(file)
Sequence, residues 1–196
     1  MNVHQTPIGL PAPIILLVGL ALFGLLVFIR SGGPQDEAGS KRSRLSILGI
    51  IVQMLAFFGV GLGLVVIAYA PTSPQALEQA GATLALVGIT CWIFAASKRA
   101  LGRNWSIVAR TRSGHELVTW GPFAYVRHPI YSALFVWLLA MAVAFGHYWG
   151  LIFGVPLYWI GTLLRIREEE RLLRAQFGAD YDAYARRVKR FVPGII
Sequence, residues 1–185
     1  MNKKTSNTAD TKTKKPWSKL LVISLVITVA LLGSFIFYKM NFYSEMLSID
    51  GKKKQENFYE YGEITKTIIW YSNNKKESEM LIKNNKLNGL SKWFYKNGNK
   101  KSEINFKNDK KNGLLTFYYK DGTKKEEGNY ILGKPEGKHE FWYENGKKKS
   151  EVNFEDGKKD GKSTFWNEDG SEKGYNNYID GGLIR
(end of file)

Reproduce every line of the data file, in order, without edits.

Sequence, residues 1–196
     1  MNVHQTPIGL PAPIILLVGL ALFGLLVFIR SGGPQDEAGS KRSRLSILGI
    51  IVQMLAFFGV GLGLVVIAYA PTSPQALEQA GATLALVGIT CWIFAASKRA
   101  LGRNWSIVAR TRSGHELVTW GPFAYVRHPI YSALFVWLLA MAVAFGHYWG
   151  LIFGVPLYWI GTLLRIREEE RLLRAQFGAD YDAYARRVKR FVPGII
Sequence, residues 1–185
     1  MNKKTSNTAD TKTKKPWSKL LVISLVITVA LLGSFIFYKM NFYSEMLSID
    51  GKKKQENFYE YGEITKTIIW YSNNKKESEM LIKNNKLNGL SKWFYKNGNK
   101  KSEINFKNDK KNGLLTFYYK DGTKKEEGNY ILGKPEGKHE FWYENGKKKS
   151  EVNFEDGKKD GKSTFWNEDG SEKGYNNYID GGLIR